Follow-up to Crashes with gpg-agent 2.1.18
matthew.summers at syapse.com
Tue Jun 6 07:43:23 CEST 2017
On Mon, Jun 5, 2017 at 3:40 PM, Daniel Kahn Gillmor
<dkg at fifthhorseman.net> wrote:
> On Sun 2017-06-04 22:35:59 -0500, Matthew Summers wrote:
>> It's probably true that for most users, highly parallelized decryption
>> operations are rare. However, it's not difficult to demonstrate use
>> cases where it's important to handle highly parallelized requests to
> It would really help this conversation to document a few of these
> real-world use cases. I appreciate that your demonstration scripts are
> narrow and targeted because it helps to isolate the problem, but having
> clear real-world cases will help in motivating the fix to actually
> get deployed.
> Where are highly-parallelized requests to gpg-agent likely to happen?
I am delighted to outline a scenario. First some background.
There is an open source config management and remote execution tool
written in python called Salt. It let's the user store information
formatted as yaml. It's useful to store secrets in these yaml files.
It's good to encrypt these secrets  when storing them, encryption
at rest being good and all that. This yaml can be rendered for runtime
use in the config management system.
So, for example, let's say we have secret data encrypted with the
entire Ops team as recipients, like an API token or something larger
like private TLS key material. Further, let's say we need to put this
secret onto 10000 systems in batches of 100.
Salt provides a handy mechanism to make such a thing simple, via ssh
even , if desired. With a few lines of code, our gpg'd secret, and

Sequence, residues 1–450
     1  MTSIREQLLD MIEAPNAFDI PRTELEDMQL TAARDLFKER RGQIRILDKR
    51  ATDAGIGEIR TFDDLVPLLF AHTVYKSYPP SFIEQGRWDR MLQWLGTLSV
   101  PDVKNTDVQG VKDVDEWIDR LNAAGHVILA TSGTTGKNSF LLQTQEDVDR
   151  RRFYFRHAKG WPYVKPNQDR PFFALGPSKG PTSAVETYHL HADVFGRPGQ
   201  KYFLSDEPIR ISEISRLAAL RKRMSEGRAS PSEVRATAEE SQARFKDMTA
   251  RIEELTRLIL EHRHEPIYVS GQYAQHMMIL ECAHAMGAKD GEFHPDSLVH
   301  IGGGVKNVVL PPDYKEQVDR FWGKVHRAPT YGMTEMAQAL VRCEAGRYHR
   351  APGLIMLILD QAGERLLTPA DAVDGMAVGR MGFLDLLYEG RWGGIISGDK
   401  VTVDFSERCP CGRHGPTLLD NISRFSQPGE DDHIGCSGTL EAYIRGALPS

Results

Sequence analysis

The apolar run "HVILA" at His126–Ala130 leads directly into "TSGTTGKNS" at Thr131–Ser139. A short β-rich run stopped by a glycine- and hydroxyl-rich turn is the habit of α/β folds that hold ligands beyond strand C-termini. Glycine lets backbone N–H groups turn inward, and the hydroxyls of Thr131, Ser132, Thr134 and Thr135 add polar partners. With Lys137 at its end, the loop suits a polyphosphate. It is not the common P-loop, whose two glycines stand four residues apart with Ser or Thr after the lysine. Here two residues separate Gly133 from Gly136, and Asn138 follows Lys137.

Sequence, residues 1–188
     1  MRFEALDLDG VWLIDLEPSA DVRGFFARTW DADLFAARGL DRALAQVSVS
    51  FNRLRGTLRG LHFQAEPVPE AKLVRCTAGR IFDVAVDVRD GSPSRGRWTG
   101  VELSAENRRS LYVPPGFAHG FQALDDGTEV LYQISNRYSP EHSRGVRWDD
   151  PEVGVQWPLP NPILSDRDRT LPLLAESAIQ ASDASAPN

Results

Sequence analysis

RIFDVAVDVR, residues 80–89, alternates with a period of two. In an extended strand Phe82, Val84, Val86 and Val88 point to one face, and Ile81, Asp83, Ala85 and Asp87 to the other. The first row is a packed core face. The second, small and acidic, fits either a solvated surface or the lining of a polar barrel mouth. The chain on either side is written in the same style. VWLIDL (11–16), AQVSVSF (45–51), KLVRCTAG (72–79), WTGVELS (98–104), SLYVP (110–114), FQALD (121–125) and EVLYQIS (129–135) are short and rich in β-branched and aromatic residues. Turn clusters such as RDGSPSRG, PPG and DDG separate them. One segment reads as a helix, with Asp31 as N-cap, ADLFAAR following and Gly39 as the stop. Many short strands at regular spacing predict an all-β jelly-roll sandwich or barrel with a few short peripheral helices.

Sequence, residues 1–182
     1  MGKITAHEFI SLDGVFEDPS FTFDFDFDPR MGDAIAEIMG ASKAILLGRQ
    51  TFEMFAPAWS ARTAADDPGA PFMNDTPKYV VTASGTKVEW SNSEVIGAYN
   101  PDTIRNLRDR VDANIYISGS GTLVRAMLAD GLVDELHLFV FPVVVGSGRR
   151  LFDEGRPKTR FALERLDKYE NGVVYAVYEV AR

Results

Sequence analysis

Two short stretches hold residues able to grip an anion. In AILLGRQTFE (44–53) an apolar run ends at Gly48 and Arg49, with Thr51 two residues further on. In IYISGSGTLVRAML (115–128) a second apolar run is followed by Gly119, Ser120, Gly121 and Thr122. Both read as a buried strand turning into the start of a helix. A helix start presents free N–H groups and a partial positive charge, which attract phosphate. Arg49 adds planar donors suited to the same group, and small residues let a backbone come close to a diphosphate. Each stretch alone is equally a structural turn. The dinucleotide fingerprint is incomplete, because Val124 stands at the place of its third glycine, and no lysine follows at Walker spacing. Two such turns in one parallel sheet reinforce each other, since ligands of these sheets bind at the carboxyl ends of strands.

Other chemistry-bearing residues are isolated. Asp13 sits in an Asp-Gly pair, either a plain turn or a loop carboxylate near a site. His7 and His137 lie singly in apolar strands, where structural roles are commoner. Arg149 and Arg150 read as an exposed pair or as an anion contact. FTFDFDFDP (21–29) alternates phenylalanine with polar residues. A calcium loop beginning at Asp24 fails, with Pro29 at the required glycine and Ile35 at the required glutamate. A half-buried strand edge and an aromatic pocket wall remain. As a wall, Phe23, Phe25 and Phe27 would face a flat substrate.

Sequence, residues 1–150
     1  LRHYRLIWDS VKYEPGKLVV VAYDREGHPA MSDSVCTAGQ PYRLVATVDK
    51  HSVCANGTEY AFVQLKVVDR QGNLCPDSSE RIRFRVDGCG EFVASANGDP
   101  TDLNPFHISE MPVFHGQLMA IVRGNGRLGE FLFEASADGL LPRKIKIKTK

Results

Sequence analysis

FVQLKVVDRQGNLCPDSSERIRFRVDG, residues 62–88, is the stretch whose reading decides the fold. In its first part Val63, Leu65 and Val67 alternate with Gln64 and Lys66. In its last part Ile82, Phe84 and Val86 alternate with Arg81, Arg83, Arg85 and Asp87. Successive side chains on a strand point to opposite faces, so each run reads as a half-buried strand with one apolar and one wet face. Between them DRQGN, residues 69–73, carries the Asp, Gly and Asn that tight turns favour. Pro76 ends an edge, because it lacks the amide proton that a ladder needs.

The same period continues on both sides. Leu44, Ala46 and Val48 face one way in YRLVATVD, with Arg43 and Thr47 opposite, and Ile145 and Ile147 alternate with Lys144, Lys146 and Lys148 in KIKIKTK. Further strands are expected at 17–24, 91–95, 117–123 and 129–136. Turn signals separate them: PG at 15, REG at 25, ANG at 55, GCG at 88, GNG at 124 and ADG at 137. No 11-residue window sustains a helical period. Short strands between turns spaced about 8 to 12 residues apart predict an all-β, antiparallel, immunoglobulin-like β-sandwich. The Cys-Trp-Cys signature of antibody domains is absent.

a small bit of setup, the we get to a point where the one-liner
`salt-ssh -E 'myhosts' state.apply update-special-secret` will do the
trick. That is, it will initiate 100 processes that each decrypt the
secret, render out the execution data, ssh to the remote host,
execute, and return relevant information to us, then pickup the next
batch, and so on.
The numbers here, of 100 or 1000, are totally arbitrary, but
sufficiently large to demonstrate the scale. On a high CPU count
system with lots of memory, it would not be terribly crazy to push
these numbers much higher. In practice, with the secmem size set to
64k, we would run into issues withe batch sizes of 10.
I hope this is clear and helps. I could probably put together a demo
of this, though I am not sure how to simulate 1000 hosts really nicely
(read cheaply and easily). Ansible or Puppet can do similar things
too, using GPG to store/decrypt secrets data.
Please feel free to ask questions if what I have outlined above needs
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